Overture 49, from James River Presbytery, is identical to Overture 4 until its final resolution, which includes the call from Overture 1 for individual self-examination and confession, and the list of practical steps to pursue reconciliation listed in Overture 16.

Overture 53, from Northwest Georgia Presbytery, is based on an article published in “Old Life,” written by Jonathan Inman, Pastor of Grace and Peace PCA in Asheville, North Carolina. The overture calls for the General Assembly to return all overtures calling for confession and repentance to the courts that originated them with the directive that the repentance called for be conducted according to BCO 38-1 and 31-2. In his article, Inman calls on church leaders who believed they have sinned, “whether covenantally or generationally, jointly or severally,” to confess those sins under the provisions of BCO 38-1, which specifies the way church courts are to handle cases where individuals take the initiative to confess their guilt of an offense. Northwest Georgia added BCO 31-2 as another appropriate provision to apply. BCO 31-2 provides directives as to how a court is to begin formal disciplinary process when there is a strong presumption that a member is guilty of an offense.

Overture 55, from Mississippi Valley Presbytery, while similar to Overture 4, modifies it in a number of significant ways. While generally reiterating the rationale (Whereas) clauses from that overture, four additional paragraphs of rationale are added. And while the resolutions from Overture 4 are repeated by Mississippi Valley, they have added two of their own, which point to the principal variance from Overture 4.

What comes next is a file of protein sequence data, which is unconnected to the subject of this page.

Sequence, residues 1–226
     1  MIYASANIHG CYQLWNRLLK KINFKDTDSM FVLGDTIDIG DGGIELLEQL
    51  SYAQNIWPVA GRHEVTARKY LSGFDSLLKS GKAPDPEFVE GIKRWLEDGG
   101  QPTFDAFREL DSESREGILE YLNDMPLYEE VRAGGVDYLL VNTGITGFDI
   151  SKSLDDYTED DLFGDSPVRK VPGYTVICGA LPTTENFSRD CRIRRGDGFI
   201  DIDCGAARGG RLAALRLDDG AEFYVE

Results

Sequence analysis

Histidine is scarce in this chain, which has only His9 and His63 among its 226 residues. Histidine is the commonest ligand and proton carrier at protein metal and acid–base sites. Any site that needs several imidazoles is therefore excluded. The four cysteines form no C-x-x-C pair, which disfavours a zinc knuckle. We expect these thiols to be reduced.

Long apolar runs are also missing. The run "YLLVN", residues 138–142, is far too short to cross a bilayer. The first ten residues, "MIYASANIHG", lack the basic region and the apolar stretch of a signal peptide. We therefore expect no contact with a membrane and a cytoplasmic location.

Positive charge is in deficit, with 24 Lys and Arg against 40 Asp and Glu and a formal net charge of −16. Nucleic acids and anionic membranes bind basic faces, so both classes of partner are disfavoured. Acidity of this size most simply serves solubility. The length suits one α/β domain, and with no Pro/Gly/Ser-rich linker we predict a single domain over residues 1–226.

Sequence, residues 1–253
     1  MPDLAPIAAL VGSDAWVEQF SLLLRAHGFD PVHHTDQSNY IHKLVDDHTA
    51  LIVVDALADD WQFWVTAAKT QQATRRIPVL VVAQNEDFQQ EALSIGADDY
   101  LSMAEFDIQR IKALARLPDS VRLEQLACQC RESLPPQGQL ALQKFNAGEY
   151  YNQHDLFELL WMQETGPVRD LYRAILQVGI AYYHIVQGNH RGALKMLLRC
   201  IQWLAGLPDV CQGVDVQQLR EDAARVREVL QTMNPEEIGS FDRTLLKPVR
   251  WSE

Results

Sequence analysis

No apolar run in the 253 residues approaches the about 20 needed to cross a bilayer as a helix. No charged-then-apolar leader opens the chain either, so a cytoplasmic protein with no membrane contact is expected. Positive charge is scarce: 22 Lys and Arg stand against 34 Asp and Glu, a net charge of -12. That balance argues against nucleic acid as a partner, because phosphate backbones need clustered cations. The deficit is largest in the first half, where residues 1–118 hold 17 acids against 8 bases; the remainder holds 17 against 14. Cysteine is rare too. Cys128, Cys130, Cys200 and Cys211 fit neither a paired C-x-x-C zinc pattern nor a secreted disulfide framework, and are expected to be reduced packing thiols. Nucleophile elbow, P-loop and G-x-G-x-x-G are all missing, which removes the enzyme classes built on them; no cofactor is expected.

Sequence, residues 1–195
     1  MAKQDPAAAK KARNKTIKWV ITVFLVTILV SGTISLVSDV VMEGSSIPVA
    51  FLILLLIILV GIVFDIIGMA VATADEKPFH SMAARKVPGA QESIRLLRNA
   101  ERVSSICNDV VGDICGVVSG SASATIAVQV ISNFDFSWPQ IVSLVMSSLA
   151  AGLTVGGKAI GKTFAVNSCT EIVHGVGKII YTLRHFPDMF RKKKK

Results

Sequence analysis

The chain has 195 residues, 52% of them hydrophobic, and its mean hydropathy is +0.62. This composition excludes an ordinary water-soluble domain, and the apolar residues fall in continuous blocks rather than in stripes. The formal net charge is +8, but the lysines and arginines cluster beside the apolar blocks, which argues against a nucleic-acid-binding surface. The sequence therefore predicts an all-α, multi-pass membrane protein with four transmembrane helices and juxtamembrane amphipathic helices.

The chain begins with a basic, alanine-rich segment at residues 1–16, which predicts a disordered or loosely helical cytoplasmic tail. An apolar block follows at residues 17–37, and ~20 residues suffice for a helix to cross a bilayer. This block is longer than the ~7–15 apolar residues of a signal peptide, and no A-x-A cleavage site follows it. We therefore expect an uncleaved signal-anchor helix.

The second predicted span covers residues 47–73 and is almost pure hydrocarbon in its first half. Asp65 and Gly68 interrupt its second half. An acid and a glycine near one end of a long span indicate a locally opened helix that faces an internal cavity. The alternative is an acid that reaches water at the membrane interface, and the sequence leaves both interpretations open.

One of the resolutions offers a “Pastoral Letter” from the Presbytery to its constituent churches as “an example of how a presbytery might provide shepherding leadership for its churches toward racial reconciliation.” The 13-page letter, attached to the overture, examines biblical and confessional material demonstrating racism to be a serious sin and heresy. It then outlines five practical steps to address it. The other added resolution offers a “Bibliography and Resources” to presbyteries and churches “for their use in studying, evaluating, and implementing” their efforts toward racial reconciliation. That seven-page document is also attached to the overture.

Overture 56 from Evangel Presbytery urges adoption of Overture 55.

Overture 59 from Gulf Coast Presbytery is similar to Overture 4, but makes a number of significant changes. It opens its rationale by setting the sin of racism in the context of the sin of partiality identified in James 2. It modifies the statement concerning the failures of “many of our founding denominational leaders” during the Civil Rights period by calling attention to their achievements as well. It also omits, in both the rational and the resolutions, reference to continuing sins of racism in the denomination. Finally, it expands Overture 4’s resolution that calls for the PCA “to bear fruit in keeping with repentance” by enumerating a number of related Biblical imperatives.

These overtures will be considered by the Overtures Committee, which will recommend an answer to each for the General Assembly. A list of all overtures can be found here.